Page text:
Cultural Events: Knowledge is power

Cultural Events Knowled

By ASI GAL
September 24, 2009 17:09
3 minute read.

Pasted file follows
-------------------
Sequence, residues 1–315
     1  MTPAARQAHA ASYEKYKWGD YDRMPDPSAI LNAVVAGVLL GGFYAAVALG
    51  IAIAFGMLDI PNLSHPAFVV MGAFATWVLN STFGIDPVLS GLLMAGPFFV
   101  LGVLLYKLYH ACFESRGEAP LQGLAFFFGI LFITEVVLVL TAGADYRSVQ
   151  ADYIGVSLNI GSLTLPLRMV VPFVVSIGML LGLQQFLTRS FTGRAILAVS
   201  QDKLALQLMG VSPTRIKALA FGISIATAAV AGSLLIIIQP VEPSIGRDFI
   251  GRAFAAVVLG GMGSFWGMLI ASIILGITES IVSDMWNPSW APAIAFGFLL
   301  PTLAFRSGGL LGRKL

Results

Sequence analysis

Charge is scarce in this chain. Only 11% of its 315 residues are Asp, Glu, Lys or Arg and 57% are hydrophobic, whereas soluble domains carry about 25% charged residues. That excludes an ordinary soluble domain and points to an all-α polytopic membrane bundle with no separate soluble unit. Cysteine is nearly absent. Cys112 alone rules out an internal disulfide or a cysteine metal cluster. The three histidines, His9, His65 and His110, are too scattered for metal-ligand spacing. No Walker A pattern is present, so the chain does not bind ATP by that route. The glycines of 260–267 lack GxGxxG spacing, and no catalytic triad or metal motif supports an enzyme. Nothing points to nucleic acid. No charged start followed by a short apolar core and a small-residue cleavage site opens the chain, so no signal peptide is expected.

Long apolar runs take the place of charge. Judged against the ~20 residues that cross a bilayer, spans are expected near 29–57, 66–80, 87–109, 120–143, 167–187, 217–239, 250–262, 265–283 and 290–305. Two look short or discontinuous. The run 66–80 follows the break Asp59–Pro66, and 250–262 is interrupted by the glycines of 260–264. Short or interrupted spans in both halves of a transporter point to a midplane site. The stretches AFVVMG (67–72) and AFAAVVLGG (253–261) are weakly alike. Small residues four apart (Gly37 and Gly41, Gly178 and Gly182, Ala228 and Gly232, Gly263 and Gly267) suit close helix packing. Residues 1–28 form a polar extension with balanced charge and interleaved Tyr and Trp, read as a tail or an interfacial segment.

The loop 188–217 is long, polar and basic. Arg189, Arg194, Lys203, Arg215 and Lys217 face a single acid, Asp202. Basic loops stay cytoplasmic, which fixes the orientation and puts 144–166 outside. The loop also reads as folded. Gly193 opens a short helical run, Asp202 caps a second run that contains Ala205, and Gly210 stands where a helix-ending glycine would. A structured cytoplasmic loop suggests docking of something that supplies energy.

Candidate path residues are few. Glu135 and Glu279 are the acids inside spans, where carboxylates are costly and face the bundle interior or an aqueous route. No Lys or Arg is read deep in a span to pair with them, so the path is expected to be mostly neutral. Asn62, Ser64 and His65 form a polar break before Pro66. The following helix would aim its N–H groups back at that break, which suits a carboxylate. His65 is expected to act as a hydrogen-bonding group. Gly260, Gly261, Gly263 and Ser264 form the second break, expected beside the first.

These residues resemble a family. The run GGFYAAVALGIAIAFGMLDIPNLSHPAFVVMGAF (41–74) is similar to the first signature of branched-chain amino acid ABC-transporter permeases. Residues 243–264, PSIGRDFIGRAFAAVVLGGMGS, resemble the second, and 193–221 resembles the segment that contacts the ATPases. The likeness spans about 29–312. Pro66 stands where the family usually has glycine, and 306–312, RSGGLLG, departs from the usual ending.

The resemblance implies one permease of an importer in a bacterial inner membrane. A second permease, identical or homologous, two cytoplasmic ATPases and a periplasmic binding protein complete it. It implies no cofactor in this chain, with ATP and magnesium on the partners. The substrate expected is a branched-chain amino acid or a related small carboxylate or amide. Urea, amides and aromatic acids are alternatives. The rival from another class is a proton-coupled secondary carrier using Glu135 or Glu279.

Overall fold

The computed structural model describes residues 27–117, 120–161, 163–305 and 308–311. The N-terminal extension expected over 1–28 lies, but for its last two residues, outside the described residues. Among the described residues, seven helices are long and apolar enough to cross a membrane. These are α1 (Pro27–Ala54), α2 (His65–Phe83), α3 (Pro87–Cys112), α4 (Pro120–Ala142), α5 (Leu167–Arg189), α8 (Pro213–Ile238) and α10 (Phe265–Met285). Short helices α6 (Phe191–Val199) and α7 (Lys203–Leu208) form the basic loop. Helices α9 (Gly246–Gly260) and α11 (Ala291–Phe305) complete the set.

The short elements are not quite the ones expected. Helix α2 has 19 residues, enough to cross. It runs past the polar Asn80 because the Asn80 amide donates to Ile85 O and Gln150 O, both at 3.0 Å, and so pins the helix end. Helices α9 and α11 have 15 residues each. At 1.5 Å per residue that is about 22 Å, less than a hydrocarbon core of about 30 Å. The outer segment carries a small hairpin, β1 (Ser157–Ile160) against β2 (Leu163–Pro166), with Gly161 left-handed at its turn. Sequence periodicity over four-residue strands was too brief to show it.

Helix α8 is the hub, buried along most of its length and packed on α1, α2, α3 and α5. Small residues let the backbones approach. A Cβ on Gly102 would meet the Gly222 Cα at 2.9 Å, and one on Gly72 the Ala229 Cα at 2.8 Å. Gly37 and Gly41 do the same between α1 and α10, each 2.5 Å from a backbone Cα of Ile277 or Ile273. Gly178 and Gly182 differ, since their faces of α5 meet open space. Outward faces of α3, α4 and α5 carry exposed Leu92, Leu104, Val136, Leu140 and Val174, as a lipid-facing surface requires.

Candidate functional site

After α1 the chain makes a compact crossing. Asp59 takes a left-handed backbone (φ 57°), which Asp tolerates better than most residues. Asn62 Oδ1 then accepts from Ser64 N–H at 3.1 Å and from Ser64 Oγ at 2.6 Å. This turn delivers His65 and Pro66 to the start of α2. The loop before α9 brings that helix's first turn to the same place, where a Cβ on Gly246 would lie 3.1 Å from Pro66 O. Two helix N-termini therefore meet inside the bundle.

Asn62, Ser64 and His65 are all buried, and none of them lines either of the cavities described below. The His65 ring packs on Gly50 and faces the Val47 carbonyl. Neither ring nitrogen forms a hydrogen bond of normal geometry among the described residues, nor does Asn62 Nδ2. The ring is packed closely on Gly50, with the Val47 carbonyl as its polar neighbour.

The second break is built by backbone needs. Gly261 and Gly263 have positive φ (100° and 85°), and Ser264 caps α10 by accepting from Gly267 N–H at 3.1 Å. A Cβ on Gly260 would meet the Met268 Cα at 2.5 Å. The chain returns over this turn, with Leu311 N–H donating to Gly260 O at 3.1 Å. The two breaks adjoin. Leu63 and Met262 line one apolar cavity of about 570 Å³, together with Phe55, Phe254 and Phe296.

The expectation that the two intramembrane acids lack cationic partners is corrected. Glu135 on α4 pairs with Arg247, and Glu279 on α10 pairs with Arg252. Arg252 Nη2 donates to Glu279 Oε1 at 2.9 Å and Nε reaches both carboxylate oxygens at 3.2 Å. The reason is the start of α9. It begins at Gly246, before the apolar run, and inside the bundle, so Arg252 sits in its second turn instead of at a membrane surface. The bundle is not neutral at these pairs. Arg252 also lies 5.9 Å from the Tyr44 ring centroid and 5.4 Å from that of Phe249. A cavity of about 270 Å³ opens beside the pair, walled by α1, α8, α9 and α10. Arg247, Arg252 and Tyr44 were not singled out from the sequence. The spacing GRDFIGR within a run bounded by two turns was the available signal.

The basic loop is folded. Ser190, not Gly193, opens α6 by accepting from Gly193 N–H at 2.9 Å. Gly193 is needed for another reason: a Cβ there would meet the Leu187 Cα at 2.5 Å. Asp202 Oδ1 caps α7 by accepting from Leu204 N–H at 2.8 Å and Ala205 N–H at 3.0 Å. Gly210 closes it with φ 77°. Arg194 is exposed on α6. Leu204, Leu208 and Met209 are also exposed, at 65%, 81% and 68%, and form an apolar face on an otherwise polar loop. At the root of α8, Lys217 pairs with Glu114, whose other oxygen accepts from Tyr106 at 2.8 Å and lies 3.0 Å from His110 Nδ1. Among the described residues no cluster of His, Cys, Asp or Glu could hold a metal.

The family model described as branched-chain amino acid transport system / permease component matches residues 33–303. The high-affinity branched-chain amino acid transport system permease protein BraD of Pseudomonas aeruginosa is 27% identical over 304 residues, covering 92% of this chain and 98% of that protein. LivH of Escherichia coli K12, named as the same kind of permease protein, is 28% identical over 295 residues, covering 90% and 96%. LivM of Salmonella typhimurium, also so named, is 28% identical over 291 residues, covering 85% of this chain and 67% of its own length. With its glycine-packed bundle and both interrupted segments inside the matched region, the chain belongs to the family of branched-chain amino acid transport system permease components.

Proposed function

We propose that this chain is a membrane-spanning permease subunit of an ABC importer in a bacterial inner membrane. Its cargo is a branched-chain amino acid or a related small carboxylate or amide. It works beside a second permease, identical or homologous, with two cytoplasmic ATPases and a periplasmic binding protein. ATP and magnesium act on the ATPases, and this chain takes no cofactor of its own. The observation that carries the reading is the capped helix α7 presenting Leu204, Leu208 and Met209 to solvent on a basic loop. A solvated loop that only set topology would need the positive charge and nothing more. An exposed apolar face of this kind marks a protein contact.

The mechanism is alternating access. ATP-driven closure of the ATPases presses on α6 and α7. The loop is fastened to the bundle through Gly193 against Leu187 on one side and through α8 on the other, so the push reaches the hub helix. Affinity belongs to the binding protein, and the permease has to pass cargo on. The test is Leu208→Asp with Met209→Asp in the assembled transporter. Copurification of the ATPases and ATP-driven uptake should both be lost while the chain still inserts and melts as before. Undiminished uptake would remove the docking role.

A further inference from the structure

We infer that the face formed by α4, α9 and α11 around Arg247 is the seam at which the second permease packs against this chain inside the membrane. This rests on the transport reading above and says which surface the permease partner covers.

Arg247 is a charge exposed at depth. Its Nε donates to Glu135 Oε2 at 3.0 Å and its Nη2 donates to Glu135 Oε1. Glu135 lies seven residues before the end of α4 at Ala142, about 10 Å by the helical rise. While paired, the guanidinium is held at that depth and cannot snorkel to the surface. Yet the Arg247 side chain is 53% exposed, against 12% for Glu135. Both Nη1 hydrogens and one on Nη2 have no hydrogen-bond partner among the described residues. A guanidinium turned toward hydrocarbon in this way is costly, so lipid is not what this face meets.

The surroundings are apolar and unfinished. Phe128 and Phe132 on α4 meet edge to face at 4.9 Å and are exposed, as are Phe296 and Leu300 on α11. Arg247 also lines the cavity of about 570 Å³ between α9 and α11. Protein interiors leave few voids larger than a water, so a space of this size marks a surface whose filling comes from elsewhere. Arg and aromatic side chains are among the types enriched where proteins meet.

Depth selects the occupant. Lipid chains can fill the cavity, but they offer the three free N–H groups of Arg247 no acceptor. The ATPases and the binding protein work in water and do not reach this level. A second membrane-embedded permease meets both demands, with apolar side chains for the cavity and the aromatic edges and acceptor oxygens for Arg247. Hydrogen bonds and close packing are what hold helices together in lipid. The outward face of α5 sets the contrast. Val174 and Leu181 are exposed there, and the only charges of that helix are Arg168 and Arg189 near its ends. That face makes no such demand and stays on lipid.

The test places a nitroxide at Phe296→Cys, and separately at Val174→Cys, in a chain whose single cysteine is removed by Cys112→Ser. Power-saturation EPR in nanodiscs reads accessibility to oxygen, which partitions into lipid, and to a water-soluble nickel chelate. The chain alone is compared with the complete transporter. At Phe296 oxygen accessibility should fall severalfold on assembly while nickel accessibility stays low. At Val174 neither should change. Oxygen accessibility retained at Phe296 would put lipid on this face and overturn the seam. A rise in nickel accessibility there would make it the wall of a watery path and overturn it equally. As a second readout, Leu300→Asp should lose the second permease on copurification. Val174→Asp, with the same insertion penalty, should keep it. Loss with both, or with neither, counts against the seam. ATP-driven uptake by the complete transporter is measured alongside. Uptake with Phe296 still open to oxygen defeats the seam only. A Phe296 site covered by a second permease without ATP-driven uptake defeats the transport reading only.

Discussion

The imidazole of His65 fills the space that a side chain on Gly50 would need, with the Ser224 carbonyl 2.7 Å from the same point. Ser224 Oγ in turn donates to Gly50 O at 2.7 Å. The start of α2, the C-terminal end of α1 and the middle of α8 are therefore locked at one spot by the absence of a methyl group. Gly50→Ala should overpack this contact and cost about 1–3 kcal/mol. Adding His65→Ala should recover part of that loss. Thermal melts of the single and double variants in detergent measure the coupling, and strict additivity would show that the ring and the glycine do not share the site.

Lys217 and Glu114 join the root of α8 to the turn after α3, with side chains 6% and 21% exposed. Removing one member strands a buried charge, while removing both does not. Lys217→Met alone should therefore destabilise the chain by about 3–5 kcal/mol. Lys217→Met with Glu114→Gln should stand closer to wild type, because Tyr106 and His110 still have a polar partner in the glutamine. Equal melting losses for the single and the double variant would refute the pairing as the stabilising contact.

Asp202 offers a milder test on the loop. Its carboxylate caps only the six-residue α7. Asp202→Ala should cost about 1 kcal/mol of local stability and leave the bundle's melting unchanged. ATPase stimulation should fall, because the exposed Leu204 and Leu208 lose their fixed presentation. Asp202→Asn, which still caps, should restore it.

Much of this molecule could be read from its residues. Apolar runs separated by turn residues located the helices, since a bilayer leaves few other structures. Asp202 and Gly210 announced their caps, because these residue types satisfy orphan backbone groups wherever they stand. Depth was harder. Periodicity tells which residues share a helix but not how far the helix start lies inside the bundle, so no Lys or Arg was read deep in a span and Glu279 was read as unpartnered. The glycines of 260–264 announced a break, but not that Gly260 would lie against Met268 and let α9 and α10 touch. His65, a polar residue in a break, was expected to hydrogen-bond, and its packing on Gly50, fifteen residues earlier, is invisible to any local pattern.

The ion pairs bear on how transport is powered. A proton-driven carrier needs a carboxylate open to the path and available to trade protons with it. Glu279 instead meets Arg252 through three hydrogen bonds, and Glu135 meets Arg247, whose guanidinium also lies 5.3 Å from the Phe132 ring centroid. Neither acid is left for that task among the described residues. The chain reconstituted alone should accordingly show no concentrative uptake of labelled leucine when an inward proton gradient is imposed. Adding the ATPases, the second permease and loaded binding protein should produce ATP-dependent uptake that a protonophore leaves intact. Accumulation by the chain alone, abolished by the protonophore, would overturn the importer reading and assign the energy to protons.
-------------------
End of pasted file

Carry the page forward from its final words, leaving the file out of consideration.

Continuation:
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The idea of Black Market is one of those "how come no one has thought of this before" ideas. 100 experts on one chosen-in-advance topic sit in a room and for NIS 5 you can buy half an hour of conversation with them. People who can't or don't want to schedule a meeting with an expert, can take earphones and listen to one of six channels, each with a different conversation taking place. I cannot think of a better way to acquire knowledge. "I believe that the idea came to us because of Berlin. It's a city where meetings and group conversations happen all the time," says Hannah Hurtzig, founder of Black Market. "Our group, Mobile Academy, is made up of theater people. The old theater was the Agora, where people would just talk to a listening audience. We wanted to recreate that," she relates. Hurtzig continues, "Theater is not just a show, but a place to exchange knowledge. But knowledge that is not confined or related to any academic knowledge, rather it's shaped by a need, by an interest. When we started meeting experts the first year we wanted to create this event, we met with lawyers, social workers - people who have vast knowledge but would much rather discuss it one on one, instead of speaking to an audience. And that's how the event transpired." Hurtzig notes, "The only rule is that the expert starts speaking immediately about the topic and from then on it's completely open. It's a dialogue." After taking place 11 times around the world, in cities such as Vienna, Istanbul and Liverpool, this Saturday, September 26, the Market comes to Jaffa. "A curator from the Holon Digital Art center, who is among the producers of the event, saw a Market in Berlin and felt that it was exactly what she wants in Israel," Hurtzig recalls. The subject of the Market is always one of public interest. At Jaffa the Market focuses on the invisible and the ghostly. "There is a lot of missing information about Jaffa. It's not clear what is being passed down to the children. The entire situation regarding Jaffa is foggy and complicated, as is everything regarding the Israeli political situation. There is a need for knowledge." Hurtzig explains, "We also discovered that there is a great effect on the way people present themselves politically, and the way that the issues are discussed. As such, we wish to explore memory and the idea of what's visible vs. invisible." The experts at the upcoming Black Market come from the most diverse fields. For example, you can find Gilia Beger - a preservation architect, singer/song writer Eran Tsur, Roee Shani - a doctoral student at Tel Aviv University who is researching genetically-transferred human aggression and Abu George, a resident of the city for 40 years, who is also a fisherman and recovering drug addict. Not all experts talk about something directly related to Jaffa, but it is always related to the chosen topic. For example, an expert on vampires will talk about why everyone else can see the vampires, but they themselves cannot see their own reflection. The connection to Jaffa is yours to discuss. "But the discussions are not the most important aspect," says Hurtzig, "our main focus is the listening. Most people will not be able to sit directly with the expert they desire. That's where the earphones come in. The event is an observation machine of sorts. The audience watches a theatrical experience and is then drawn into a situation of a viewer watching viewers watching a scene." Black Market takes place at the Arab-Jewish Center, 109 Kedem St. Jaffa, on September 26. signing up for experts starts at 6 p.m. Most conversations are in Hebrew/Arabic/English but some are also in Italian and French. For more information visit www.digitalartlab.org.il

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